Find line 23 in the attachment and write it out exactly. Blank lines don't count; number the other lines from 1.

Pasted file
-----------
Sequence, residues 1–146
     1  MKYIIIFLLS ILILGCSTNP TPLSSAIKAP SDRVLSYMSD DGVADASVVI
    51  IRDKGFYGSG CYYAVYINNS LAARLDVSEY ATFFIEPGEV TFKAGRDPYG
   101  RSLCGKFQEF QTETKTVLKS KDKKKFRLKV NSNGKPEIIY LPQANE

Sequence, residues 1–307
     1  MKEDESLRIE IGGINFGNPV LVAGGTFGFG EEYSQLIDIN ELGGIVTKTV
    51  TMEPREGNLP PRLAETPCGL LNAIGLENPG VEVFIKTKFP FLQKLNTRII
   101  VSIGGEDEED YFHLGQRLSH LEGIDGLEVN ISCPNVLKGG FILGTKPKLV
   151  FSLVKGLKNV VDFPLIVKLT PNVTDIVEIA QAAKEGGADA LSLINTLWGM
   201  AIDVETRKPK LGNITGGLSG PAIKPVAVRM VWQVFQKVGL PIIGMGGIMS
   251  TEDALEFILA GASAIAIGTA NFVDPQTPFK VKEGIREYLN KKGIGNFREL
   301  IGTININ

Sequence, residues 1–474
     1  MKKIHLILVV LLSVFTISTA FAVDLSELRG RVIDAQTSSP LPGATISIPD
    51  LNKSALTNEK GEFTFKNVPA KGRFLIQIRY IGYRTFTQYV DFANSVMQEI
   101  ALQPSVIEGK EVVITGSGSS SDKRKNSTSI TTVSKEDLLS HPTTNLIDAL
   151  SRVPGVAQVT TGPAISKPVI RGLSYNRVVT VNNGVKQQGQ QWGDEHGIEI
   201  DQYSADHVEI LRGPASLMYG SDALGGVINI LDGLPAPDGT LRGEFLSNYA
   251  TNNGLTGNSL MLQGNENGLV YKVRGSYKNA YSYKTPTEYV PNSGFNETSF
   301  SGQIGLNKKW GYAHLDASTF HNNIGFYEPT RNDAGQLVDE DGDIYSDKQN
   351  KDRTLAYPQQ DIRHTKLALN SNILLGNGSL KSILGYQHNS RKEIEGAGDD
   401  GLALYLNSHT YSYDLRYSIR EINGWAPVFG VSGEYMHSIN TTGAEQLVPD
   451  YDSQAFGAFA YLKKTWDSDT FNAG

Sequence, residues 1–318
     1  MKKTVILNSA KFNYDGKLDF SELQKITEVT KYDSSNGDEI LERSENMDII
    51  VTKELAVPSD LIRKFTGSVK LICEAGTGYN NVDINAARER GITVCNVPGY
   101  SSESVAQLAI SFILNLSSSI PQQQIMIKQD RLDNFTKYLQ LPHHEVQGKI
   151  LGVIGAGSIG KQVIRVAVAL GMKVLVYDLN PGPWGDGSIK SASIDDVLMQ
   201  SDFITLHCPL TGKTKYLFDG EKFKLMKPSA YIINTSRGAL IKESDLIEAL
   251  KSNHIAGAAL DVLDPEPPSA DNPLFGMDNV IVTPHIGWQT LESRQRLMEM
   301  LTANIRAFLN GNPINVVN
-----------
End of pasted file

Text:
   451  YDSQAFGAFA YLKKTWDSDT FNAG